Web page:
1566. concealed by the buildings which sur

The queen, when this outrage round the inner court. In the middle of took place, was at supper, in a closet the low gallery is the entrance, orna

adjoining to her bed-chamber, with the mented by four Doric columns, which Countess of Argyll, Rizzio, and a few support a cupola in the form of an im. domestics. Rizzio, on perceiving the perial crown. Underneath the capola is conspirators enter, headed by Lord a clock; and over the gateway are

Ruthven in complete armour, instantly the royal arms of Scotland. The front supposed he was the victim, and took to the east is of equal elegance. Round refuge behind the queen. But, in spite the area in the inside is a handsome of her tears and enireatics, he was forn arcade, faced with pilasters of the from her presence; and, before he could Doric order. On the entablature of be dragged through the next apartment, these are cut the ensigns of Scottish the rage of bis enemies put an end to his royalty; the thistle and the crown, the life, piercing his body with fifty-six sword and the sceptre.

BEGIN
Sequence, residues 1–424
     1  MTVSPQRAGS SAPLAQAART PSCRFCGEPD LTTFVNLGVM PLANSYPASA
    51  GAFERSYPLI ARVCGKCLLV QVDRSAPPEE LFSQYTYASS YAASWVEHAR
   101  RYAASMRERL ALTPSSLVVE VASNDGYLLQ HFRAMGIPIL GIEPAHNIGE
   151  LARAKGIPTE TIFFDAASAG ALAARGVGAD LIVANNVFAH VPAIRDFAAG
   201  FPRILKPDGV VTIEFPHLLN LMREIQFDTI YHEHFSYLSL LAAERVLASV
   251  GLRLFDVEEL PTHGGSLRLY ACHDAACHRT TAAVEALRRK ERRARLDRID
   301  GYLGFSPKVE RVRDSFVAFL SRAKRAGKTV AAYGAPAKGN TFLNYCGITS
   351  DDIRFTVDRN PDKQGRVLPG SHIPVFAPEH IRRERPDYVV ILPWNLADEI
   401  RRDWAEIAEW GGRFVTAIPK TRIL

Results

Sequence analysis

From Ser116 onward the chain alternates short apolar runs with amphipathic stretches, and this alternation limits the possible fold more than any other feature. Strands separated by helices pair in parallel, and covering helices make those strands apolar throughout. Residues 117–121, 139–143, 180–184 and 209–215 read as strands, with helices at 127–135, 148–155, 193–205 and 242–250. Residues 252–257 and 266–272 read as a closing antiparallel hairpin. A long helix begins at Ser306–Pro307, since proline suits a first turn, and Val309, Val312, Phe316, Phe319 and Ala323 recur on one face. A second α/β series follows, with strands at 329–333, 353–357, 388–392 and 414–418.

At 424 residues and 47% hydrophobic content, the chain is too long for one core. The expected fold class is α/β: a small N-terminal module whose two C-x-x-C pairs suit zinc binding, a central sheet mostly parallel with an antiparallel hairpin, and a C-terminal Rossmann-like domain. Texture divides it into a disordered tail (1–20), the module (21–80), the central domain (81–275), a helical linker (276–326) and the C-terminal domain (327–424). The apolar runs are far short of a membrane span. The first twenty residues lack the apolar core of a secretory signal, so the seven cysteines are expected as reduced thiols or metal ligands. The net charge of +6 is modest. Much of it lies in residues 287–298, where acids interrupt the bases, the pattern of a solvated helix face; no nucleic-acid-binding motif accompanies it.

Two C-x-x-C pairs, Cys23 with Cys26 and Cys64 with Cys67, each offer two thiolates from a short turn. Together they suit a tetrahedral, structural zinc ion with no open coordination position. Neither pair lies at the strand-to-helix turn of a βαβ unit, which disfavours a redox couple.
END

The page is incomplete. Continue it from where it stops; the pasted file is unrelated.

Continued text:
Between the wounds. The cluset in which Mary was windows of the second floor are a range

at supper, when this tragical scene was of lonic pilasters; and above these an acted, is about twelve feet square. equal number of the Corinthian order. The more ancient parts of the present On a pediment in this area, fronting the palace, consisting of the nortb-west west, aro the royal arms. At the south- towers, were built by James V., about the west angle of the piazza is the large year 1582, as a royal residence, though staircase, which leads to the royal apart. for ages before the Scottish Kings seem ments; and on the north side of the to have occasionally resided at this place, building is the great gallery, which is Below a niche in one of these towers one hundred and fifty feet long, twenty- his name is still to be seen, JAC. REX V. four jo breadth, and nearly twenty in